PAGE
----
Rabat - Morocco has been ranked among the top ten countries in the 2015 Islamic Growth Markets Investment Index, which ranks the investment potential of countries within the Organization of Islamic Cooperation (OIC).
Rabat – Morocco has been ranked among the top ten countries in the 2015 Islamic Growth Markets Investment Index, which ranks the investment potential of countries within the Organization of Islamic Cooperation (OIC).
The index is conducted by Thomson Reuters, the world’s leading provider of intelligent information for businesses and professionals, in partnership with Dinar Standard, an Islamic markets research and advisory firm. The index is based on a set of nine metrics covering the categories of a country’s growth fundamentals, growth momentum, investment momentum and relative country risk.
The report, presented during the Global Islamic Gateway conference in Bahrain last week, has revealed that Indonesia showed the strongest growth fundamentals among the top three having the highest population (249 million, 2013) and GDP ($870 billion, 2013), while Malaysia the strongest growth and investment momentum (217 per cent FDI inflows growth 2009-13).
UAE, Qatar and Saudi Arabia are the three countries from the Gulf Cooperation Council (GCC) which have made it to the top ten list. Other markets on the top 10 include Kazakhstan, Egypt, Turkey, Morocco, and Mozambique.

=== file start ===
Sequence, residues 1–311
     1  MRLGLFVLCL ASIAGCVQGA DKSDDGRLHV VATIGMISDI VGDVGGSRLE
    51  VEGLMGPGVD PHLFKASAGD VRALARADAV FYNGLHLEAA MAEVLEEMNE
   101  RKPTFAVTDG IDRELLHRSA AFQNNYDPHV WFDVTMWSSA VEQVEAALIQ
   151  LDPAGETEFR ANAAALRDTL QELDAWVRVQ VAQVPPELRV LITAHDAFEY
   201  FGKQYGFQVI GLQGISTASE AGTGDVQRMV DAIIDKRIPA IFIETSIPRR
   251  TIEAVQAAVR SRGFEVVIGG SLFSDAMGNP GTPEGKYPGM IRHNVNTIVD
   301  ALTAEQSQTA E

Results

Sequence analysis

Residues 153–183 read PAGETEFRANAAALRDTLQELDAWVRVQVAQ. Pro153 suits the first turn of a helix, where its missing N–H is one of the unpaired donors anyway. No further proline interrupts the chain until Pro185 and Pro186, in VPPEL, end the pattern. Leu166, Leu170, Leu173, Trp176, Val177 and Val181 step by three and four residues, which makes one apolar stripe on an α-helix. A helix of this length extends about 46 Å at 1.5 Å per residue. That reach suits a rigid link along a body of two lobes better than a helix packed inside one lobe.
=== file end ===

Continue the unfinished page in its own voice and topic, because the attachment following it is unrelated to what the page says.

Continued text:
According to the report, the investment potential across the 57 OIC countries is “well above world average.” It added that member countries represent a combined GDP of $6.7 trillion in 2013 and are projected to grow at a higher rate of 5.4 per cent in 2015-19 than rest of the world (3.6 per cent) or BRICS nations (3.9 per cent).
“The purpose of the Islamic Growth Markets Investment Report 2015 is to present a new view of looking at investment opportunities across the OIC member countries,” Dr. Sayd Farook, global head of Islamic capital market at Thomson Reuters, said in a statement.
“Focused on fast-growing consumer-driven sector clusters of food, retail, tourism, health and others, as well as government spending driven infrastructure and construction, the report addresses a gap of looking at investment opportunities across the full geographic spectrum of these growth markets and their global value chain.”
The report identified the top OIC sector clusters that “provide best opportunities for sector based investment strategy.” They are: Energy, food and agriculture, electronics, travel and transportation, metals, chemical and allied, plastics/rubber, textiles and related, infrastructure and construction, and health products and services.
“The top 10 clusters were identified based on the analysis of manufacturing and services sectors that are collectively the strongest across these markets. This prioritization provides investors a first look at key sectors of activity and growth potential,” said the authors of the report.
Energy, says the report, is the largest OIC sector cluster by virtue of aggregate score derived from exports volume, imports and domestic consumption across OIC markets. Energy sector cluster exports were the highest within OIC worth $1.3 trillion in 2013 representing 43 per cent of global exports.
The OIC’s sector of food and agriculture is the second-largest and its exports were $118 billion in 2013, representing eight per cent of global exports. Domestic demand value from food sector across OIC is the highest among all sector clusters and estimated at $974 billion, representing 16 per cent of global food consumption, the report added.
Travel and transportation is the third-largest OIC sector cluster, and its exports were $192 billion in 2013, representing six per cent of global exports.
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